A full-scale test version of the Orion spacecraft is one of several NASA-sponsored exhibits that will appear alongside space shuttle Discovery at the National Air and Space Museum’s Steven F. Udvar-Hazy Center near Washington Dulles International Airport in Chantilly, Va.
Discovery flew over the Washington area April 17, and landed at Dulles. A transfer ceremony of the shuttle to the National Air & Space Museum will take place April 19.
In addition to Orion, dozens of NASA-sponsored exhibits are on display at the Udvar-Hazy Center to celebrate the arrival of Discovery and highlight the agency’s current and future exploration missions. The exhibits will showcase include International Space Station, a solar telescope, a planetary spacesuit, an inflatable Mars Science Laboratory rover and many hands-on educational activities.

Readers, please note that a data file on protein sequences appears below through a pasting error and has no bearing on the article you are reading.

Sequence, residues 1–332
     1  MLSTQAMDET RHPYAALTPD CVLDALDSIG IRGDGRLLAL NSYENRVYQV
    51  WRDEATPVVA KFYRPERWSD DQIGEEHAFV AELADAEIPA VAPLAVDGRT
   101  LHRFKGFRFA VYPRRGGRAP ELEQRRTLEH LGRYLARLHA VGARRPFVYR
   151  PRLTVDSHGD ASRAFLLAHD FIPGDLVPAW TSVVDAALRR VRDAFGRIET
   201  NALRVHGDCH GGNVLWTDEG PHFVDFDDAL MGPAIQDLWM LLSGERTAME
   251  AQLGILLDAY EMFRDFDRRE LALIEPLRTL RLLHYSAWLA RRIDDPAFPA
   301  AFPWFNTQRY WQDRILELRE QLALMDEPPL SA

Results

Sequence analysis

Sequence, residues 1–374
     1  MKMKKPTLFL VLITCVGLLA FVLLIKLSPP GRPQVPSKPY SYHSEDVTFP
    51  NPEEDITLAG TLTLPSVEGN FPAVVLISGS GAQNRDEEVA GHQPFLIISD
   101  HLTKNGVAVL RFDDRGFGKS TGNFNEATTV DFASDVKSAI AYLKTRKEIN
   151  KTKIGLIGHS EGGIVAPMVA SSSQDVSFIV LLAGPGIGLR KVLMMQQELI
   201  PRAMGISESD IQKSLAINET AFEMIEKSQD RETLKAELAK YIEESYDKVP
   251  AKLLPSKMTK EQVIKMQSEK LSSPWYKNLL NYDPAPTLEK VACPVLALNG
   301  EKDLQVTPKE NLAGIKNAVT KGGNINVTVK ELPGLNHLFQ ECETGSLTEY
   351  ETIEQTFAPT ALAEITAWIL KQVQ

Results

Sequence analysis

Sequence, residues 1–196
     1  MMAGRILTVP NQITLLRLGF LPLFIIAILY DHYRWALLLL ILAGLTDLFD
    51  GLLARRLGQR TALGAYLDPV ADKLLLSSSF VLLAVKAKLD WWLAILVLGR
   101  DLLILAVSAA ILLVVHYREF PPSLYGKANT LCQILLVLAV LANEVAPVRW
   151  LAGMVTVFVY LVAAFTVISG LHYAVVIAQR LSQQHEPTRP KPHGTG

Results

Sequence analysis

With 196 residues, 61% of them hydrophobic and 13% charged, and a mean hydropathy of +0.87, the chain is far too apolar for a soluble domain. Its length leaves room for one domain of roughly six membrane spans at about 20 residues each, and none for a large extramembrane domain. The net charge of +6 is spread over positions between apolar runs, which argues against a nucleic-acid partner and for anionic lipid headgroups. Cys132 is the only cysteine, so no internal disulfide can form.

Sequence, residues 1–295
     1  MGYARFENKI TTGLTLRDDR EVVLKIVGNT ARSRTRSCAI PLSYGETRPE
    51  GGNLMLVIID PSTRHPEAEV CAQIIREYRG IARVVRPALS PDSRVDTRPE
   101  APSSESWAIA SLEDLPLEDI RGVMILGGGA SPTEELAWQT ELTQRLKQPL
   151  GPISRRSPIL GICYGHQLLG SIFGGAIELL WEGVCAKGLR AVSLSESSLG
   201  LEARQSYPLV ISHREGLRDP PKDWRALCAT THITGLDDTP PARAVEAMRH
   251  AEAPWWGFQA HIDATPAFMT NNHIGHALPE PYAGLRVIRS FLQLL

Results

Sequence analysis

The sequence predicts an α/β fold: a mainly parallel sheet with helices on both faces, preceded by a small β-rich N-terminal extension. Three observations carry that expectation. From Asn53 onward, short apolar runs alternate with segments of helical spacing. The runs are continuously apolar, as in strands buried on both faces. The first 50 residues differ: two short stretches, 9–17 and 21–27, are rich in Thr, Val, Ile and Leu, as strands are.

The Orion spacecraft will be on free display at the Udvar-Hazy Center from April 19-22 as part of the events surrounding the arrival of shuttle Discovery. Engineers, officials and NASA spokespeople will be on-site and available to speak with media and the public.
The Orion test vehicle was used in the Pad Abort-1 Test in 2010, which saw the successful flight of Orion’s launch abort system. This escape capability will protect future crews in the event of an emergency during launch.
NASA is constructing the first space-bound Orion capsule, which will launch on Exploration Flight Test-1, an uncrewed launch planned for 2014. This test will see Orion travel farther into space than any human spacecraft has gone in more than 40 years. After its construction at NASA’s Michoud Assembly Facility in New Orleans, the spacecraft will be shipped to NASA’s Kennedy Space Center in Florida for final assembly.
Following its display at the Udvar-Hazy Center, the Orion capsule will appear at the Walter E. Washington Convention Center in Washington for the U.S. Science and Engineering Festival from April 27-29.